As a neuroscientist it has been indoctrinated into me that context can affect how well information is retrieved. It seems like an abstract concept sometimes when we discuss it professionally – remote from what affects us personally day-to-day. Interestingly for me, moving to Paris has really made this very concrete right now.
As a scientist I have been very fortunate to travel as part of my job. This has also fed my interest in photography for many, many years. I have been fortunate to come to Paris a number of times now & never ever tire of the city. So needless to say I have also taken literally thousands of photos here. If I shoot a couple of hundred photos in a day, then I will typically discard about 90% of them – after reviewing them at the end of the day. Of those 10% that are left, only very rarely is there a photo I would consider submitting to a juried show or putting in an exhibition. Interestingly, some of my favorite black & white shots are of Paris and France. I have included some of these in this post.
As I have been walking around Paris, I was struck by the number of times I remembered specific instances when I had taken particular photos. I remembered clearly the weather at the time, what mood I was in, and where the best place to stand was for taking the shot, and of course what the light was like. These very vivid visual memories were triggered by the scene unfolding around me while I was walking. This happened to me the first day I went to the ICM on the Boulevard de l’Hôpital – I was thinking about neuroscience and not photography as I was ambling along. Indeed, the 2 pics directly below were taken very close to the main entrance of the Salpêtrière on the Boulevard de l’Hôpital, many years ago now.
That night when I got back to my apartment I thought about this further. Memories from travel to other locations in France also came back, with very concrete details, as I looked back at some of my favorite photos on my laptop. These are things I have not thought about for at least decade or two – indeed, I was surprised to even remember them.
So being in France again, seeing the sights has re-activated memories that I had forgotten that I had. And these triggers are not only visual…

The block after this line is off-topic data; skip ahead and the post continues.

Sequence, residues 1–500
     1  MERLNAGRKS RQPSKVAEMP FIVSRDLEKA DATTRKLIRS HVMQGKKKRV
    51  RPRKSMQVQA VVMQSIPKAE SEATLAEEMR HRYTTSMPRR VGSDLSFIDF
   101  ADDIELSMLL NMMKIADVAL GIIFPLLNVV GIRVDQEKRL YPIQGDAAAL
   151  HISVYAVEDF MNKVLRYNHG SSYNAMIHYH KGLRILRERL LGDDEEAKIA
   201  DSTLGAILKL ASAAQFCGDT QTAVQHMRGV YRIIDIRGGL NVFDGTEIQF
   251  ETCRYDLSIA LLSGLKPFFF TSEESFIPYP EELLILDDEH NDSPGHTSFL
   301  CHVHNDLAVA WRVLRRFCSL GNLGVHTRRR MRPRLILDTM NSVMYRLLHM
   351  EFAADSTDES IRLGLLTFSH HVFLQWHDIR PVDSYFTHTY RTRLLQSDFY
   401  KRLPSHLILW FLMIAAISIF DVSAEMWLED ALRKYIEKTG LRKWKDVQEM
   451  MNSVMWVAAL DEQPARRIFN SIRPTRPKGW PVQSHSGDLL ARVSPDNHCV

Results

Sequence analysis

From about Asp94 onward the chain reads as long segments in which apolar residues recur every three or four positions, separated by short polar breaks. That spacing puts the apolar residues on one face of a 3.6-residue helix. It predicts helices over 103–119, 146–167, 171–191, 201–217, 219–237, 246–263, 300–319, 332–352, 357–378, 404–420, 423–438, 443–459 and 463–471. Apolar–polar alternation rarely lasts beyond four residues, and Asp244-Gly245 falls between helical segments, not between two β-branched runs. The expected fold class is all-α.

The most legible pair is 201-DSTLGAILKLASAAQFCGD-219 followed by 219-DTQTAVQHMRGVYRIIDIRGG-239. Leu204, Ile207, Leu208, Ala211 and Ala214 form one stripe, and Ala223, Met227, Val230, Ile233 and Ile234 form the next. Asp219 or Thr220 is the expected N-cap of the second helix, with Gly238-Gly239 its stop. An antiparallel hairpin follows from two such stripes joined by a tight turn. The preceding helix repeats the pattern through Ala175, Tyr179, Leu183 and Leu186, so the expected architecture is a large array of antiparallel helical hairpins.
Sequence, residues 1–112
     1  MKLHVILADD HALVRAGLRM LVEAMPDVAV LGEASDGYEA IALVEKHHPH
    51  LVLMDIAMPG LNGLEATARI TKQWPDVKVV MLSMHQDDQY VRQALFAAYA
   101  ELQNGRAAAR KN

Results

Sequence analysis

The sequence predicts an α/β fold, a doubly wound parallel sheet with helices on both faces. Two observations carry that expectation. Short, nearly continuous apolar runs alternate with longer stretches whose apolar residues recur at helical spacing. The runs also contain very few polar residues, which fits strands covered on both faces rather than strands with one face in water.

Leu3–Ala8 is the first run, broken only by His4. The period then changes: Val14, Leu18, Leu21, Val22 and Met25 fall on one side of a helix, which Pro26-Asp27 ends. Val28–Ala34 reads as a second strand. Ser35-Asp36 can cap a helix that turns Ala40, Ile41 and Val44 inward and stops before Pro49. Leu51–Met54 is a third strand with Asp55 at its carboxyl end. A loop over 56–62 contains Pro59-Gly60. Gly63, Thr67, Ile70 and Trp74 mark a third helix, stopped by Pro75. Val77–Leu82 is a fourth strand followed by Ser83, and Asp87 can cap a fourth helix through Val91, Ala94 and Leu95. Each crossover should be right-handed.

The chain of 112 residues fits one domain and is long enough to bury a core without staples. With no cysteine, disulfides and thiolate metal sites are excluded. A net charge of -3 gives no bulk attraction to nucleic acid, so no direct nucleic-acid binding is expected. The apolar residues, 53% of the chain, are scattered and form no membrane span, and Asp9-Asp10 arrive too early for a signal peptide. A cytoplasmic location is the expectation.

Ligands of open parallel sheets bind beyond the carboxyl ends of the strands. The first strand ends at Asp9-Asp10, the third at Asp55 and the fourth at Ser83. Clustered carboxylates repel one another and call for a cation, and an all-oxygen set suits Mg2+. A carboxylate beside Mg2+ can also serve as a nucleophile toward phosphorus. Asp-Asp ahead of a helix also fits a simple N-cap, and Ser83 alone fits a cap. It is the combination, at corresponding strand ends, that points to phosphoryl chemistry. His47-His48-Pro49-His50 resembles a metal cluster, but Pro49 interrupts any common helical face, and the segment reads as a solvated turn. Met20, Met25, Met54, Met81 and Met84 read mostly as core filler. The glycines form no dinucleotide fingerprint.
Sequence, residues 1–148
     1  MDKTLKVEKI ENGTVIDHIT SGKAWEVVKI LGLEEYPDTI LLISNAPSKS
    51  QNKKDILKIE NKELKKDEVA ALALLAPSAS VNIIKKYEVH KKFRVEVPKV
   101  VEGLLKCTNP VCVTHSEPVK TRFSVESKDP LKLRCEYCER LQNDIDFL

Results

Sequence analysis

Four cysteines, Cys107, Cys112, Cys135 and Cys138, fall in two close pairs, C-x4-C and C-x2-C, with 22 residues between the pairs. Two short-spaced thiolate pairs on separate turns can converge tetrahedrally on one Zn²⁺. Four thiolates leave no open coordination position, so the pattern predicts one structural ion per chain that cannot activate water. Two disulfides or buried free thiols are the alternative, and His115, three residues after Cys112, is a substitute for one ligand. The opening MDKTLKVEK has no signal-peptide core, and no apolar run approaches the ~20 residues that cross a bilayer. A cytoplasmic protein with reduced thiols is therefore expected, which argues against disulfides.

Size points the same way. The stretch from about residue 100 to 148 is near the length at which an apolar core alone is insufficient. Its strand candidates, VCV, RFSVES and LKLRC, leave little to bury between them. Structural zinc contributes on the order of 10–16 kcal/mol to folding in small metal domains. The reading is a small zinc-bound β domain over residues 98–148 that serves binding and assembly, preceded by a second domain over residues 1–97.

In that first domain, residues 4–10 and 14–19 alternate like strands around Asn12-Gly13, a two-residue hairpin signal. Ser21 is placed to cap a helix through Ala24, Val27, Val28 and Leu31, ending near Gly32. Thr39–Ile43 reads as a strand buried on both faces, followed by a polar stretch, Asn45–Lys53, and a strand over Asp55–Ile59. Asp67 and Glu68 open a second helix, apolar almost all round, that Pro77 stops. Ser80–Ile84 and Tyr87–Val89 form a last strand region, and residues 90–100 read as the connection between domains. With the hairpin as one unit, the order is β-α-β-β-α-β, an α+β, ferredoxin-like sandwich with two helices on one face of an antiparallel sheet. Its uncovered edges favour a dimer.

About 10 years ago, I was on a PhD committee for my Parisian colleague’s student. I came to Paris for the thesis defense & unfortunately my luggage took a wayward turn at Heathrow & did not make it to Paris with me. I arrived in the evening & the thesis defense was in the early afternoon. So the next morning there was no alternative but to ‘shop until I dropped’ in the Printemps department store at Place d’Italie, with my colleague in tow as my style consultant. We took no prisoners & were done in 2 hours – literally had to buy everything including shoes. As I was walking with her to the thesis defense [fully dressed & looking spiffing] it was raining cats and dogs. Ever wanting to improve my French I asked her what the equivalent expression was in French. With an evil look in her eye she said there are 2 ways of saying it. You could say: ‘Il pleut des cordes‘, which means that it literally is raining ropes. Or you could say: ‘Il pleut comme une vache qui pisse.’ She was about to translate, but stopped because at that point I was falling about laughing so hard I actually cried. I am not going to translate it for you either! :)))
Funnily enough, this same subject actually came up the other day. We were meeting together with a younger colleague & after the meeting we started discussing French language skills. She was clearly chuffed that I could still recall these expressions after 10 years. Our younger colleague was rather surprised, to put it mildly!
So the existing context [in our multisensory world] clearly affects our ability to retrieve memories. But the presence of strong emotions also helps lay them down effectively in the first place. So what is the moral of the story? If you really want to remember something well after 10 years or so, you need to first laugh until you cry :)))